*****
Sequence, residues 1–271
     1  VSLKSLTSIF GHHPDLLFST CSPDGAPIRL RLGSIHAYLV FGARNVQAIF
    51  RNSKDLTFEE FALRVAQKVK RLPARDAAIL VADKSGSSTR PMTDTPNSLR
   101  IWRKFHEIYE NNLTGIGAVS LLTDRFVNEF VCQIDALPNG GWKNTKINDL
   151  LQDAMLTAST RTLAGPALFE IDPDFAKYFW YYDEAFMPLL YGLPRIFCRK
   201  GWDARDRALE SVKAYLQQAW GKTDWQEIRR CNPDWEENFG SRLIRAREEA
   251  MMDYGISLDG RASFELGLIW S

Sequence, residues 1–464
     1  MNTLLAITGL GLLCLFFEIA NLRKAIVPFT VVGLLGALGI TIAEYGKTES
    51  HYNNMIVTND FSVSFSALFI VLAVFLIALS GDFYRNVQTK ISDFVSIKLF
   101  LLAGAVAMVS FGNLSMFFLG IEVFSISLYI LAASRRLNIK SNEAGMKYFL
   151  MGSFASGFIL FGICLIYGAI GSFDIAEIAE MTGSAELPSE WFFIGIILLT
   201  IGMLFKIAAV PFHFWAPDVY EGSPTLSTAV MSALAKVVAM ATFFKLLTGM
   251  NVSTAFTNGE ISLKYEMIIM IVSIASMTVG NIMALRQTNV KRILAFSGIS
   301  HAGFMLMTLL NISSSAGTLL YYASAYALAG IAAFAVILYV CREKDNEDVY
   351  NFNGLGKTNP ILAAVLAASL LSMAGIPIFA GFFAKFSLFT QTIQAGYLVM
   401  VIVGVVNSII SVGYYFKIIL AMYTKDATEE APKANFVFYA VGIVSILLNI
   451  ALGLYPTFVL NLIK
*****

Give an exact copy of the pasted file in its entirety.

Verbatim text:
Sequence, residues 1–271
     1  VSLKSLTSIF GHHPDLLFST CSPDGAPIRL RLGSIHAYLV FGARNVQAIF
    51  RNSKDLTFEE FALRVAQKVK RLPARDAAIL VADKSGSSTR PMTDTPNSLR
   101  IWRKFHEIYE NNLTGIGAVS LLTDRFVNEF VCQIDALPNG GWKNTKINDL
   151  LQDAMLTAST RTLAGPALFE IDPDFAKYFW YYDEAFMPLL YGLPRIFCRK
   201  GWDARDRALE SVKAYLQQAW GKTDWQEIRR CNPDWEENFG SRLIRAREEA
   251  MMDYGISLDG RASFELGLIW S

Sequence, residues 1–464
     1  MNTLLAITGL GLLCLFFEIA NLRKAIVPFT VVGLLGALGI TIAEYGKTES
    51  HYNNMIVTND FSVSFSALFI VLAVFLIALS GDFYRNVQTK ISDFVSIKLF
   101  LLAGAVAMVS FGNLSMFFLG IEVFSISLYI LAASRRLNIK SNEAGMKYFL
   151  MGSFASGFIL FGICLIYGAI GSFDIAEIAE MTGSAELPSE WFFIGIILLT
   201  IGMLFKIAAV PFHFWAPDVY EGSPTLSTAV MSALAKVVAM ATFFKLLTGM
   251  NVSTAFTNGE ISLKYEMIIM IVSIASMTVG NIMALRQTNV KRILAFSGIS
   301  HAGFMLMTLL NISSSAGTLL YYASAYALAG IAAFAVILYV CREKDNEDVY
   351  NFNGLGKTNP ILAAVLAASL LSMAGIPIFA GFFAKFSLFT QTIQAGYLVM
   401  VIVGVVNSII SVGYYFKIIL AMYTKDATEE APKANFVFYA VGIVSILLNI
   451  ALGLYPTFVL NLIK